Any discussion of FSX performance, and of the equipment required to run FSX, is incomplete without a discussion of the concept of a "balanced system". This concept is best understood by examining some extreme cases, beginning with the diskless internet computers of a few years ago. (Remember those?)
For that application the system -- cpu, memory, graphics -- is balanced, and while adding an HDD would not hurt anything but system price, the system would not run any faster as a result of having an HDD added to it. The system was balanced before, but it will be unbalanced after, and money will have been wasted.
Similarly, a mainframe based income tax return processing system is not going to be sped up by the addition of WiftyZ graphics cards to the IRS agents' terminals. The system is disk-bound, so enhancing its graphics will not change its performance.
But what if an application is graphics-bound, as FSX sometimes is thought to be?
If the application is graphics-bound then upgrading the graphics will indeed speed up the system. However, if the system is cpu bound, or disk-bound, then upgrading the graphics will have no effect whatsoever.
I have received an offline communication from Paxx in which he indicated an intention to continue to discuss certain FSX-related matters in public in spite of its effect to date on Phil Taylor. If that's fine with site management then it's fine with me too. However, in a balanced system, improving any single component -- memory, cpu speed, HDD speed, graphics card throughput -- will have no effect on system performance, and no amount of Paxx's saying so can rewrite the Laws of Computational Physics.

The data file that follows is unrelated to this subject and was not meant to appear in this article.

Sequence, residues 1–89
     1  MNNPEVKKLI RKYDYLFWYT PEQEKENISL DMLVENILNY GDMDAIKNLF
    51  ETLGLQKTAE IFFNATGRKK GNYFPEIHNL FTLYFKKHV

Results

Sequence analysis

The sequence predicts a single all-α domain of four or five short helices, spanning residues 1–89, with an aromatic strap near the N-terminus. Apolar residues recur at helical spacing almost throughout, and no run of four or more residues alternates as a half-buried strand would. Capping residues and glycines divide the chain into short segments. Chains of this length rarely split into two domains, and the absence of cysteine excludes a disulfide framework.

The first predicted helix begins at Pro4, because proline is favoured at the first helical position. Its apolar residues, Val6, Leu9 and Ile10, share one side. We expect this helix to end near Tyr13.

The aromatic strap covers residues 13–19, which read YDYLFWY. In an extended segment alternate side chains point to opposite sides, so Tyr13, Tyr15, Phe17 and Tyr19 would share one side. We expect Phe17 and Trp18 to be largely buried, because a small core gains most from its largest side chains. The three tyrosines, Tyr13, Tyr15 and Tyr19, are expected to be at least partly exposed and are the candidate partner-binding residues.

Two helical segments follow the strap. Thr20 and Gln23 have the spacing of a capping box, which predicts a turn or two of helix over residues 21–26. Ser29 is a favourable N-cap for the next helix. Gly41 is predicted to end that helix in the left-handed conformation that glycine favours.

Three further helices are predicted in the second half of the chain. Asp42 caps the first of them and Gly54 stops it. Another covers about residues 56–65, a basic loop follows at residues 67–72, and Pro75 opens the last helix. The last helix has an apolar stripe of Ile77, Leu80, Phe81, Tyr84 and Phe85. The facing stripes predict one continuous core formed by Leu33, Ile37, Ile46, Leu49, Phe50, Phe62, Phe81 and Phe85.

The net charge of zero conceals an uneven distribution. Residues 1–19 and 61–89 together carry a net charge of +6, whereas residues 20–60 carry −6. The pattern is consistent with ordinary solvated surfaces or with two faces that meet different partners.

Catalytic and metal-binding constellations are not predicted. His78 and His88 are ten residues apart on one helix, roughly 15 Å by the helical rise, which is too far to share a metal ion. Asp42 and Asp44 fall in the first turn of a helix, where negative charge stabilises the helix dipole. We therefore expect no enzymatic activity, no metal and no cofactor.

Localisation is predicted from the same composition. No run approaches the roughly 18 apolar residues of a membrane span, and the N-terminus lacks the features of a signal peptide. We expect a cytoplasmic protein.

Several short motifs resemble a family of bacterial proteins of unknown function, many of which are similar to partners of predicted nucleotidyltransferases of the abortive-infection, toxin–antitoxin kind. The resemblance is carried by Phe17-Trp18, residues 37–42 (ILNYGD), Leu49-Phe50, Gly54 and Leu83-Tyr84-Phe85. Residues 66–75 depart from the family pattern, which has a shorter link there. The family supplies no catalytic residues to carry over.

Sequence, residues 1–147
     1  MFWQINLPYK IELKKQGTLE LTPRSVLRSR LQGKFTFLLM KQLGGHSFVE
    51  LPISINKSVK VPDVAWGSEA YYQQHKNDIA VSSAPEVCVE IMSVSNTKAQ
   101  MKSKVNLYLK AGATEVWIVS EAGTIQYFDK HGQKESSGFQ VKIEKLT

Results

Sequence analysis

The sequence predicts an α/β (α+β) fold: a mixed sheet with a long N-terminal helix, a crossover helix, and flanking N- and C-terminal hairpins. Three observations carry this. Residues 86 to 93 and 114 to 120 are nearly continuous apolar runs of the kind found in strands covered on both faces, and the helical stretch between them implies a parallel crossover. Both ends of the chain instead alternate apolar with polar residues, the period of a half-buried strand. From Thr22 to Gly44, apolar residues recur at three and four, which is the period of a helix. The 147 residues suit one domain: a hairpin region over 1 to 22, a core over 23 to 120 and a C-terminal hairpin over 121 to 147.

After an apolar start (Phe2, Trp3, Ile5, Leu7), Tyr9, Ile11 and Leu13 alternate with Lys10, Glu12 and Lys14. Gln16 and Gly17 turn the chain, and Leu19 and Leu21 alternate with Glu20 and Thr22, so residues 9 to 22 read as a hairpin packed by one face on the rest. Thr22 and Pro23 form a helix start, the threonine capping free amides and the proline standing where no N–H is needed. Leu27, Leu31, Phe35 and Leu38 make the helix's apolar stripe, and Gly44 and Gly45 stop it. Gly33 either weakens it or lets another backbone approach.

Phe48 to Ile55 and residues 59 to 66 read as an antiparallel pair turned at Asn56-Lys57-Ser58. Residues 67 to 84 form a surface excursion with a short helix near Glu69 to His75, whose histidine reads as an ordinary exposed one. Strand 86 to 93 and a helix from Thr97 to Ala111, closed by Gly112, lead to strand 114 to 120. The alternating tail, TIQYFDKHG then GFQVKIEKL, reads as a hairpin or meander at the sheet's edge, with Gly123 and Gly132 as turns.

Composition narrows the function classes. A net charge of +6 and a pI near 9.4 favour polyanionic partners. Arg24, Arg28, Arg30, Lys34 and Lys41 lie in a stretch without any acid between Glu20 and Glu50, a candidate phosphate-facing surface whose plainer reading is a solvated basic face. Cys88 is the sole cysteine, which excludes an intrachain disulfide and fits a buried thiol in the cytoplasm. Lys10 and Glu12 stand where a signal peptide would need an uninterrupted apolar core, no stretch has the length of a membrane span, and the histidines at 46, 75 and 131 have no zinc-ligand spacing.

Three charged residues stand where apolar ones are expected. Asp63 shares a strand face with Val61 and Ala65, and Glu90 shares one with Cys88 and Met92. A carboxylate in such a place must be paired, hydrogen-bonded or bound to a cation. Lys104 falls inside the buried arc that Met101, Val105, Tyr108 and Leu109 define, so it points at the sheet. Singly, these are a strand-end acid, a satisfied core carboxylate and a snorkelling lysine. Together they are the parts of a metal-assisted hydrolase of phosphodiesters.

Let me repeat that: If the system is already in balance, improving any one component will not speed it up. The only way to speed it up is to improve ALL the components.
Now ... If benchmarks are run that show the RELATIVE IMPORTANCE of the various kinds of components, those statements about relative importance remain true even though installing faster components on some other system won't speed that other system up -- if that other system was in balance to begin with.
So if Paxx were to say "I have proof that adding a faster veeblefetzer to my configuration did not speed it up", I would not be impressed, just as I would not be impressed if he were to report that neither a faster gezorninblatz nor a faster electrowidget made it run faster. All that such statements would prove is that the test system was in balance.
Again, the only way to improve a balanced system is to upgrade ALL of its essential components. The question then becomes the following: What kinds of upgrades should be made to the components -- that is, WHAT IS THE RELATIVE IMPORTANCE of each of the components.
And that is where the Toms benchmarks came in, and that is where I part company with Paxx. The remarks made by Phil Taylor of ACES Studio about the relevance of various benchmark results are bang on because they have to do with UPGRADE PATHS, and with the CONSTRUCTION OF SYSTEMS FROM SCRATCH, and not with the behavior of already-balanced systems, or of systems that are out of balance in a way that is not being tested for by Paxx. They have to do with the relative importance of component types, and not with the "fairness" of Toms benchmarks.
Folks, you have to listen carefully to what people say, and you have to analyze what they say. Otherwise you will be easy prey for the following hypothetical news story, which came up when I was in high school fifty years ago ...
As reported in the New York Times ... "Yesterday a race was held between an American car and a Russian car. The American car won."
As reported in Pravda ... "Yesterday an automobile race was held. The Russian car came in second while the American car came in next to last."